Instances of Discovery

Since August 2007 I have been a monthly columnist for the St. Cloud Times. My theme, taken from the mission statement of the Collegeville Institute for Ecumenical and Cultural Research, is “the renewal of human community.” The columns are republished here with permission of the St. Cloud Times.

Column #187. First published in the St. Cloud Times, online and in print Feb. 5, 2023

Last April I told of an upcoming project called “Future Search” that would pose this question: “What is your vision for Waite Park in 2043, when the city will celebrate its sesquicentennial?”

“To find common ground,” I wrote, “that is, a centerpoint we as a community can all support and act on – it is essential to dig deep, to bring a wide spectrum of stakeholders together to learn from each other, inspire each other, provoke each other. It is likely that what comes out of such an exploration will not be identical to what anybody came into it with. It’s not just thinking outside the box. It’s thinking without a box.”

I came into this process skeptically, cautioned by the wisdom of Jedi master Yoda: “Difficult to see. Always in motion is the future.”

At Future Search more than 50 persons, racially and ethnically and generationally diverse – including homeowners, renters, small business and large business owners, city employees, city government leaders, educators, nonprofit executives, realtors, developers, and builders – came together for three intense days of conversation in a variety of formats. Points of agreement were celebrated, points of disagreement directly faced. “Prouds” and “sorrys” were voiced. We were fortunate to have facilitators who didn’t claim to know the vision ahead of time, and whose real-world experience (former police officer, former IBM systems engineer) made them alert to when we were veering into la-la land.

We were continuing a long tradition. The St. Cloud Journal-Press on May 3, 1893, reporting on the first meeting of the Waite Park Village Council two weeks earlier, talked about “the healthy growth this district is enjoying. A visit to Waite Park … will quickly convince [everyone] that the inhabitants of that little burg are not asleep, and that their efforts in the direction of promotion and advancement have not been in vain.”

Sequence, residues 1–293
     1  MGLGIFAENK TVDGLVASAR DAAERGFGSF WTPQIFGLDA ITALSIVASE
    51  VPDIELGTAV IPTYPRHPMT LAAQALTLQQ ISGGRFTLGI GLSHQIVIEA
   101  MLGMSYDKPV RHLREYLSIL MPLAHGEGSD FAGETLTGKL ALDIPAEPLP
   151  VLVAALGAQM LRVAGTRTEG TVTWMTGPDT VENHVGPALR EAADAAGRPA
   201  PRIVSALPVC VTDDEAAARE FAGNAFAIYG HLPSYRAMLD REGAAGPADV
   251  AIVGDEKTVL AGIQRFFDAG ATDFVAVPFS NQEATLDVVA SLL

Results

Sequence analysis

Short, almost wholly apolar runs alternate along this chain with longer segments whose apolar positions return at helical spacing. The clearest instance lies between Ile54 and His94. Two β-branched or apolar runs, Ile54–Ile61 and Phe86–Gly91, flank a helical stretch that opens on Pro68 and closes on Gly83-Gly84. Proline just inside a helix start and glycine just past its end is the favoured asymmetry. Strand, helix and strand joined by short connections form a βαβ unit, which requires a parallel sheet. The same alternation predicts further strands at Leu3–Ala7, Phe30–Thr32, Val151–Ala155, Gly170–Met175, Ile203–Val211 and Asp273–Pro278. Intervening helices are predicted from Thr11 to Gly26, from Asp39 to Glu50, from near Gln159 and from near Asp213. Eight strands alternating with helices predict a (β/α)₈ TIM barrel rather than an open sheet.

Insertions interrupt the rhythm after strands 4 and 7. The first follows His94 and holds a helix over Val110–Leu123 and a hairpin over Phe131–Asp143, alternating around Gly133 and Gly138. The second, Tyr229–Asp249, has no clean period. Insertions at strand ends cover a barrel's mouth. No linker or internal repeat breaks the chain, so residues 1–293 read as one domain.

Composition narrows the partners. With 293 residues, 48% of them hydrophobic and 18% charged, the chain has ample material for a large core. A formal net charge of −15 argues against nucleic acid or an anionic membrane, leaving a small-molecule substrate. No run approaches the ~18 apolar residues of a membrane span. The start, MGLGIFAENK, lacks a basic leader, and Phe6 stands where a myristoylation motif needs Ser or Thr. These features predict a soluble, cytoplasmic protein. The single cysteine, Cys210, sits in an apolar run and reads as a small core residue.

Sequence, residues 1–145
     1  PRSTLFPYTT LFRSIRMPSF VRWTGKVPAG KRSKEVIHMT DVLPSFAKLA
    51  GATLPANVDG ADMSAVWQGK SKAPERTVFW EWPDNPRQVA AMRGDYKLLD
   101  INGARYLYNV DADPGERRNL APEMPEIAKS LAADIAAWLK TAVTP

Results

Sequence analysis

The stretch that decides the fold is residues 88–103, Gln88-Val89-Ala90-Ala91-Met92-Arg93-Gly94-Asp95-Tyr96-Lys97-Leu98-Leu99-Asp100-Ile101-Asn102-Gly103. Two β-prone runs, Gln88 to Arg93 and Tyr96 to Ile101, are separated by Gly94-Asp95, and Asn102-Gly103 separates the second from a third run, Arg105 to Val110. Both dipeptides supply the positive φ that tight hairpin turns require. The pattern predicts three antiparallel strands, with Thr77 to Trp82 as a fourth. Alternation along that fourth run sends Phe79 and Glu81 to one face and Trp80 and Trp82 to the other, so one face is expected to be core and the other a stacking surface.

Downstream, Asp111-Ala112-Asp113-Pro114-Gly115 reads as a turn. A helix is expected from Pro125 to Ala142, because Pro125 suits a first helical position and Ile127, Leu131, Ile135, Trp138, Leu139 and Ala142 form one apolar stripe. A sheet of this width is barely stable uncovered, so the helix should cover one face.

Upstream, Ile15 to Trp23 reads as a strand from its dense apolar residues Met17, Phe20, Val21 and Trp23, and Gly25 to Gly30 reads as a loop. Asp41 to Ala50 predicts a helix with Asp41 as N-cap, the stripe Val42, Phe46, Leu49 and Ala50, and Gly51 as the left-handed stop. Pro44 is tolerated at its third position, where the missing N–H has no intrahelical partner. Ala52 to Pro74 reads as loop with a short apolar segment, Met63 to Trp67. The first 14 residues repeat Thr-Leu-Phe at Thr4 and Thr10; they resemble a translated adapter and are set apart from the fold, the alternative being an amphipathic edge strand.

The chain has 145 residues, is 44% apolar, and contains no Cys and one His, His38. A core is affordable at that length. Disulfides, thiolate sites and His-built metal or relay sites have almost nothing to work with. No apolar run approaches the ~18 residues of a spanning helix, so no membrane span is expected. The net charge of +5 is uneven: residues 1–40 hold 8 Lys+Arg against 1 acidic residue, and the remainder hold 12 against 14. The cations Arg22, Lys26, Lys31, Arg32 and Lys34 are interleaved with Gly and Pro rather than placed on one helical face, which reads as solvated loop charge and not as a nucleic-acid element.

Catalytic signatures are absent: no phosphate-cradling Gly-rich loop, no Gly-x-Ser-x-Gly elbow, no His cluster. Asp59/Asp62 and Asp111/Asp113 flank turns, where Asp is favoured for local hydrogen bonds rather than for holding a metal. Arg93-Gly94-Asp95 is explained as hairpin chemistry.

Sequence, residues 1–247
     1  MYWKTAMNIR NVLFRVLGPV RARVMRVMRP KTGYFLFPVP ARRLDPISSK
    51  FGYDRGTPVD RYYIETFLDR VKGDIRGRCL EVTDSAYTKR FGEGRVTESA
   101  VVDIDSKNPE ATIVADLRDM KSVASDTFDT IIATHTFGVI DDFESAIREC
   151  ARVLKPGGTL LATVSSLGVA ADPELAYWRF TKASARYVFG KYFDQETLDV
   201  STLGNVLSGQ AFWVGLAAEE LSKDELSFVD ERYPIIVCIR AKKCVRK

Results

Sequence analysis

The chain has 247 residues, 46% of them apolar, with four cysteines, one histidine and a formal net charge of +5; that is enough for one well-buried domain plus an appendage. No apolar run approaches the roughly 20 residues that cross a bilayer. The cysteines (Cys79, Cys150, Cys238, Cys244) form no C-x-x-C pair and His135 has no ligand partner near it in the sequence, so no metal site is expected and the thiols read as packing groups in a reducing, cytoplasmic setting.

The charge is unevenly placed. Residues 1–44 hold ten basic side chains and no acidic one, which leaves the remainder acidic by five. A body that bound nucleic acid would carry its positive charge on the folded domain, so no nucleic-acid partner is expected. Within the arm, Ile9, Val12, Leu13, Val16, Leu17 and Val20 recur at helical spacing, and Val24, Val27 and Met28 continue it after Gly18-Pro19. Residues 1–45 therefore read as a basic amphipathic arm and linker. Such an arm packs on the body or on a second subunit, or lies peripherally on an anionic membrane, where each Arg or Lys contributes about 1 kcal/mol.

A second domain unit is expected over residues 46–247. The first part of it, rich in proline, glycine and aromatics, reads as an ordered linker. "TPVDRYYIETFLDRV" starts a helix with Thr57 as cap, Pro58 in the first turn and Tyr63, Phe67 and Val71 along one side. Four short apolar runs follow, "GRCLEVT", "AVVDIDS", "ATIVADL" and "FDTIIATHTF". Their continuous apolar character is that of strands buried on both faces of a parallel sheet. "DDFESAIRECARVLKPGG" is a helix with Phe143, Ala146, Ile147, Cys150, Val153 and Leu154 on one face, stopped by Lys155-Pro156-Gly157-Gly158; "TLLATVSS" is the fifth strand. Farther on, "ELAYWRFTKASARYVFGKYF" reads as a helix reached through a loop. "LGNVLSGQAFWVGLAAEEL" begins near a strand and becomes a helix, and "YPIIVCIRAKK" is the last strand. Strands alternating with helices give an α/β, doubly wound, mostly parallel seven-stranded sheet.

But those citizens of the “little burg” 130 years ago would not have predicted what the 2020 census shows – that Waite Park is the most diverse community in Minnesota, as Mayor Rick Miller noted in his 2022 State of the City address. While Future Search’s reflection of the diversity of the community wasn’t perfect, it came closer than some efforts do.

The Future Search Report is available online. It identifies eight strategic initiatives to which attention was paid: Industrial/Commercial Development; Transportation; Environment; Entertainment; Housing; Public Safety; Recreation; Education. And the report highlights what I believe is the chief consequence of our taking enough time, over three days, to get out of our boxes: Realization of just how interconnected all the strategic initiatives are.

Page 14 of the report is a graphic illustration of these interconnections. Participants were asked to suggest links they saw. These were mapped on a huge whiteboard, and by the time we were done the design resembled the body’s nervous system.

The Future Search recognition that what happens in any initiative impacts all, or nearly all, the others has carried over into the subsequent work of the various teams that are translating the vision into a comprehensive plan. For example, Public Safety and Transportation are closely connected; Industrial/Commercial Development and Entertainment, in the sense that both create jobs, are linked with Housing; Entertainment and Recreation also go hand-in-hand.

In the time since April, Waite Park City Council, city staff, and other city leaders have been prioritizing where the city will focus first to start to move toward what people envisioned together. The leaders understand that everything implies everything else, but they aren’t paralyzed – they know that while each strategic initiative is individually critical to Waite Park’s future, the city has to start somewhere, and will keep all of the initiatives in mind going forward, so as to not lose sight of any along the way.

I have been part of a multi-ethnic Planning Advisory Committee for the Waite Park Comprehensive Plan – six meetings since July, one more to go. The firm that’s facilitating the Comprehensive Plan – its project manager participated in Future Search – has been attentive time and again to suggestions we have made, especially about how the various proposed goals and policies for Land Use, Housing, Economic Development, Transportation, and Parks and Open Spaces, interact even more profoundly than initially thought, and how it’s important that Waite Park’s diversity – its many cultures – be treated as an asset to enhance, not a problem to be solved.

In November, cross-functional staff groups from across the city drafted plans to tangibly and tactically start on this journey, focusing on Public Safety, Industrial/Commercial Development, and Entertainment.

Committees from city departments, guided by everything that has happened since April, are set to tackle key action items.

My initial skepticism has evaporated. Planning is working. Yes, difficult to see – but possible to imagine and create – is the future.